Love Of My Life

Graphite on paper.

Graphite on paper.

This is a quick sketch I did of my son who will be turning 13 this year.  His face has morphed into more chiseled features since his baby chub has all gone away =(  .  I am still learning about values and shading.  Of course, music is always on when I am focusing on art.  I listened to Amy Winehouse and Claude Young’s Celestial Bodies as I was drawing…love it!

Because SORBET

From top to bottom:  Campari Grapefruit Sorbet, Pineapple Mint Sorbet, No-cook Vanilla Ice Cream

From top to bottom: Campari Grapefruit Sorbet, Pineapple Mint Sorbet, No-cook Vanilla Ice Cream

I recently borrowed a friend’s ice cream maker because of a sorbet hankering I had.  The result: 2 sorbets and vanilla ice cream!

No-Cook Vanilla Ice Cream

Base:

1 can sweetened condensed milk

1 can evaporated milk

2 teaspoons vanilla

2 cups whole milk
Instructions:
Chill the base.
Follow instructions on ice cream maker.

Campari Grapefruit Sorbet
Base:
3 cups fresh squeezed grapefruit juice
3/4 cup sugar
1/4 cup Campari
1/8 cup of minced mint
Instructions:
In a small sauce pot on low heat, warm the sugar and grapefruit juice until sugar is dissolved.
Mix in Campari
Chill the base.
Follow instructions on ice cream maker

Pineapple Sorbet
Base:
1 small pineapple, cored and cut into small chunks
3 Tbsp lemon juice
1 cup sugar
1/8 cup mint
Instructions:
In a blender, on puree, puree pineapple and sugar until sugar crystals have dissolved and pineapple has a creamy consistency.
Add lemon juice and mint and quick blend.
This recipe does not require an ice cream maker!  Just do the old fashioned way:  put in the freezer until slightly frozen (about 2 hours).  Give it a good stir and finish freezing.  Should be a creamy consistency!

Of the 3 recipes, the Pineapple Mint sorbet was probably my favorite.  My boyfriend and Jill (who let me borrow the ice cream maker)LOVES the Grapefruit Campari.  I’m guessing my son will love the Pineapple Mint as well!  Enjoy these recipes friends!!

Inspiring Artist: Satoru Abe

Hawaii State Art Museum.  Satoru Abe mini sculptures with my son in the back ground.

Hawaii State Art Museum. Satoru Abe mini sculptures with my son in the back ground.

I found out about Satoru through my older sister who volunteers at the Japanese Cultural Center in Hawaii.  On one of my trips back home, she told me “Hey, you need to go to this guy’s gallery.  He opens it to the public once a week and you can buy him food and he will sit and talk to you for as long as you want!”  Intrigued by this, my mom, grandma, nephew, son and I made a trek to Satoru Abe’s gallery, ready with delicious pupus (appetizers) and of course a six pack of beer.  He, along with his brother and a fellow artist friend, were such a gracious hosts, and we were lucky enough to be the only patrons that day so all of his attention was with us.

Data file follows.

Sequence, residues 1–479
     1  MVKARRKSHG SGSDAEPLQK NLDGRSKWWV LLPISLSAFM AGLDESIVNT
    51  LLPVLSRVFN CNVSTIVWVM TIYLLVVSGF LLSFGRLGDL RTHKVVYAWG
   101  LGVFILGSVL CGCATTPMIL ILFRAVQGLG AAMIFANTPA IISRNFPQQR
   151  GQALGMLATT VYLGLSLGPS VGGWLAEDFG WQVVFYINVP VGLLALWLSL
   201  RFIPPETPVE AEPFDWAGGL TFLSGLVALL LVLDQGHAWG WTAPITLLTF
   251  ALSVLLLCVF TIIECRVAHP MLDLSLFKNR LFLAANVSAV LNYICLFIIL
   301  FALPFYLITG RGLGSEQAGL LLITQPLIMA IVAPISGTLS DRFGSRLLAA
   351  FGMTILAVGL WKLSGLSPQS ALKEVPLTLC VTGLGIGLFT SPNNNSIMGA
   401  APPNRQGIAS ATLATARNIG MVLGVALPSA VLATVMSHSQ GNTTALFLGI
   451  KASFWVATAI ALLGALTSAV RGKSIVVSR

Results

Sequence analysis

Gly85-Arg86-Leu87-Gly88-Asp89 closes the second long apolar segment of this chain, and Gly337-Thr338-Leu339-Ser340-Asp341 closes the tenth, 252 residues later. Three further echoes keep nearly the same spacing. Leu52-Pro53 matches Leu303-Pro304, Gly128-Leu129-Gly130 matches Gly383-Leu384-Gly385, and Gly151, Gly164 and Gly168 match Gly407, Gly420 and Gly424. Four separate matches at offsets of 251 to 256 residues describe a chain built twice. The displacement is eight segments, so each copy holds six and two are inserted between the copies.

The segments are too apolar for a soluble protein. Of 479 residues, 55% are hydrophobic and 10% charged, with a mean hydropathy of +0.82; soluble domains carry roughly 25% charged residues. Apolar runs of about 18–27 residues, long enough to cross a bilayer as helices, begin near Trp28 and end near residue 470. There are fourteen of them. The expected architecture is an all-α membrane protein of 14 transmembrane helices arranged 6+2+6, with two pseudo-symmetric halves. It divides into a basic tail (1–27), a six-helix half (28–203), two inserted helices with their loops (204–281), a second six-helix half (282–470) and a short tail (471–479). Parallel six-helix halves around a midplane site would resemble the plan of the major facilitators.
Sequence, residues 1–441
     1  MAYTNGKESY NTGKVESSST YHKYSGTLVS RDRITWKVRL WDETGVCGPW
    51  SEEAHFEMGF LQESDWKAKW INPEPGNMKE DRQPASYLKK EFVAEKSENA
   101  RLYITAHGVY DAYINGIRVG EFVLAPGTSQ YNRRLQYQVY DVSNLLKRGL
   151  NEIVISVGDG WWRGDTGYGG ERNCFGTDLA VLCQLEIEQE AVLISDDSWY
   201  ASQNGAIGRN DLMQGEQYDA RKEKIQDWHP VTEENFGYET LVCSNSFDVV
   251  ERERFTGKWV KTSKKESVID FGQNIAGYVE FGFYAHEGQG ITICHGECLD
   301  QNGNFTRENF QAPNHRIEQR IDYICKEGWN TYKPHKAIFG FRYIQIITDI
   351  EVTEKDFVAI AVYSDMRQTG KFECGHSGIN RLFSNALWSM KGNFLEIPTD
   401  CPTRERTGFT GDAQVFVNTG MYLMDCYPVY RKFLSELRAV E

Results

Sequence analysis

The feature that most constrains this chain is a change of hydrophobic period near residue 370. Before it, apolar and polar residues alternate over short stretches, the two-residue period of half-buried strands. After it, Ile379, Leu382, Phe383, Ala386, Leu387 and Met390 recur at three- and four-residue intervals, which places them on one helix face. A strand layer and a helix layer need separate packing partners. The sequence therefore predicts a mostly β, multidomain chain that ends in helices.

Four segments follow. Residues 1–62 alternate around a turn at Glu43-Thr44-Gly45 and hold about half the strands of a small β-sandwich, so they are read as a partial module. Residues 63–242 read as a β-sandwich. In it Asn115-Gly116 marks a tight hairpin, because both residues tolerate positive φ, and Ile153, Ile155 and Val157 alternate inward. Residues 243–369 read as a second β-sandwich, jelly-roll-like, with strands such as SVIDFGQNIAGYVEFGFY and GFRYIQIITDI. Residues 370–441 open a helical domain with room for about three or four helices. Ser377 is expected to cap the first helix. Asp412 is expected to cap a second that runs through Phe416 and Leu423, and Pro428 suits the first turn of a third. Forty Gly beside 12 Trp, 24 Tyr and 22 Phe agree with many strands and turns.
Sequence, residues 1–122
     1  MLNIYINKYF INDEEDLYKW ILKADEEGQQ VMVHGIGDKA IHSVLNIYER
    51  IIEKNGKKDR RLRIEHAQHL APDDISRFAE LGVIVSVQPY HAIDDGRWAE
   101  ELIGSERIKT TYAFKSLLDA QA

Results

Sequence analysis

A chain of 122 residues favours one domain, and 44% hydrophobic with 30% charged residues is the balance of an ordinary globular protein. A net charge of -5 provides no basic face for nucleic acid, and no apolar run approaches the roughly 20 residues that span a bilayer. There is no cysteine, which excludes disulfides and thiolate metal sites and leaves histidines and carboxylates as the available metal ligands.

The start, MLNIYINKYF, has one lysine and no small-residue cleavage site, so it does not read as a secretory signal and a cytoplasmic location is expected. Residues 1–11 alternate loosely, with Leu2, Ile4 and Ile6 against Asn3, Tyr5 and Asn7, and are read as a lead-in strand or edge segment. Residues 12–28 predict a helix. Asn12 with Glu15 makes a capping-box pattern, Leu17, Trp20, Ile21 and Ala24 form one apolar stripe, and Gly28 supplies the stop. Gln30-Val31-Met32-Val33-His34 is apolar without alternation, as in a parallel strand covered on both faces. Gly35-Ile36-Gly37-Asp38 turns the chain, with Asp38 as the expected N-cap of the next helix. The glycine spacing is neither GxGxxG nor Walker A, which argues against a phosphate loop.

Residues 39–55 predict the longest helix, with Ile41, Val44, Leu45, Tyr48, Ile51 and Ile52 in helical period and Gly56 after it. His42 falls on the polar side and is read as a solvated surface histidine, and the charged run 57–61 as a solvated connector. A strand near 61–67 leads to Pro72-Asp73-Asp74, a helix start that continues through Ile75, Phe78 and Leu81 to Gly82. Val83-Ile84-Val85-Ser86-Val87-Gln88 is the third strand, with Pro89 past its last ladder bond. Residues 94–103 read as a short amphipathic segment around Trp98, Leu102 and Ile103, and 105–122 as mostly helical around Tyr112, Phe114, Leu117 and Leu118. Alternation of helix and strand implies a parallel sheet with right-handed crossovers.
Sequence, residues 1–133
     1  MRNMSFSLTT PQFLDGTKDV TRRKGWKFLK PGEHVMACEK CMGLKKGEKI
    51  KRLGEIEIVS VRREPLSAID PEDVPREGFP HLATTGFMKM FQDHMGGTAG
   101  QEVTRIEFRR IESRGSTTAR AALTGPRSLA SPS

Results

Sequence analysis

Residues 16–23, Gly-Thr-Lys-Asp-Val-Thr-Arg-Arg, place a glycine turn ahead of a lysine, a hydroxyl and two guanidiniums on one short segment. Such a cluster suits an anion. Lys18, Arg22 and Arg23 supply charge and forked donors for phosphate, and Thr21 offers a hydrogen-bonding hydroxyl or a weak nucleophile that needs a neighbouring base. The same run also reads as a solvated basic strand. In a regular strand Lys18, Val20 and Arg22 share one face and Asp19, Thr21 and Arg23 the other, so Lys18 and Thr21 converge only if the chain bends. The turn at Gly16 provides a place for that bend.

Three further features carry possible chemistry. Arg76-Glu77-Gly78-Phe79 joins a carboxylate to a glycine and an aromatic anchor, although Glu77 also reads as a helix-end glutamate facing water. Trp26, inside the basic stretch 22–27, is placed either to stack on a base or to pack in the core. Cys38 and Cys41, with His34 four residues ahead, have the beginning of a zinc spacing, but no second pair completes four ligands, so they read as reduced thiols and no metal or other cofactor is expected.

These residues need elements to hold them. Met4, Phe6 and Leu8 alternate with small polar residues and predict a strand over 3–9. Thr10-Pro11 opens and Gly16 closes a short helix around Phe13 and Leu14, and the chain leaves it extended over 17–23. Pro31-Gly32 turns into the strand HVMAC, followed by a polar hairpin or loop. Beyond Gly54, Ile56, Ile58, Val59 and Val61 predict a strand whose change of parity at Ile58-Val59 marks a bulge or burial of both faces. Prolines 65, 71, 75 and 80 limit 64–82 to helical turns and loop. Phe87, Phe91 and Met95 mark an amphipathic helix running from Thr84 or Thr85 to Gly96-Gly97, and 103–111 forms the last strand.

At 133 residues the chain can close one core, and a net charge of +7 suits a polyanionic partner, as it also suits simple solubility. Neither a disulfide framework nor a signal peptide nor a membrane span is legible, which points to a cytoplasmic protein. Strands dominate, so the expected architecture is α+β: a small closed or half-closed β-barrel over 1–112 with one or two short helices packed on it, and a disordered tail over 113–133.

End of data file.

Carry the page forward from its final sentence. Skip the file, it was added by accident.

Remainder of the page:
McDonald's memorabilia

McDonald’s memorabilia

He sat down with my son and brought out his collection of McDonald’s memorabilia and taught him the ways of “collecting”. Then brought out huge photo albums chronicling his adventures in art.  He’s been around for awhile.  I fell in love with his intricate sculptures and simple paintings.

Lunch time with Satoru in his Art Studio.

Lunch time with Satoru in his Art Studio.

We sat in the main showroom of his gallery on this table that was made out of a huge tree trunk.  “I made this” he said.  He continued to tell us the story of the table and how he had the trunk shipped to Hawaii.  We were honored.  He is often called the “Godfather of Hawaii’s Art Scene” and rightfully so.  He, along with a group of 6, male, Japanese-American artists from Hawaii started a little art niche called Metcalf Chateau in 1950.  This group inspired and mentored each other and was at the forefront of the flourishing art scene in Hawaii. These artists continue to support each other through their love of art.

Stairs to the second level of Satoru Abe's gallery

Stairs to the second level of Satoru Abe’s gallery

Walking through his gallery, you can see the different mediums and techniques.  It has a huge range from portraiture, abstract painting and sculpting.  He is passionate about art and didn’t listen to his parent’s advice upon telling them he was going to quit his dairy job to be an artist.  “Well, be prepared to be poor”.  The fact that he carried out his passion and continued to do so is what inspired me.  On top of all that, he remains to be one of the most down to earth, humble, and appreciative artists I have ever met.  He reminds me a lot of my grandpa too.  =)

Giving my son a history lesson.

Giving my son a history lesson.

If you are ever on Oahu, visit Satoru Abe’s art gallery.

signing autographs with Satoru

signing autographs with Satoru

How Safe Is Your Food?

A Dash of Cinema

world health day

The theme for World Health Day 2015 is food safety. As someone who loves food, I consider the safety of our food and where it comes from an important issue. The World Health Organization claims that “over 200 diseases are caused by unsafe food containing harmful bacteria, parasites, viruses, chemical substances.” Pretty scary. From books such as The Omnivore’s Dilemma and Salt, Sugar, Fat to the many documentaries that are being produced, there’s no shortage of resources to educate ourselves. Take some time this World Health Day to learn more about where your food comes from and the issues surrounding our health, the food industry, and what we’re putting into our bodies. Here are 10 documentaries to get started…

1. Food Chains – A group of workers work to overcome corporate greed and end abuse in America’s fields, revealing what actually feeds our country.

2. Forks Over Knives – This documentary…

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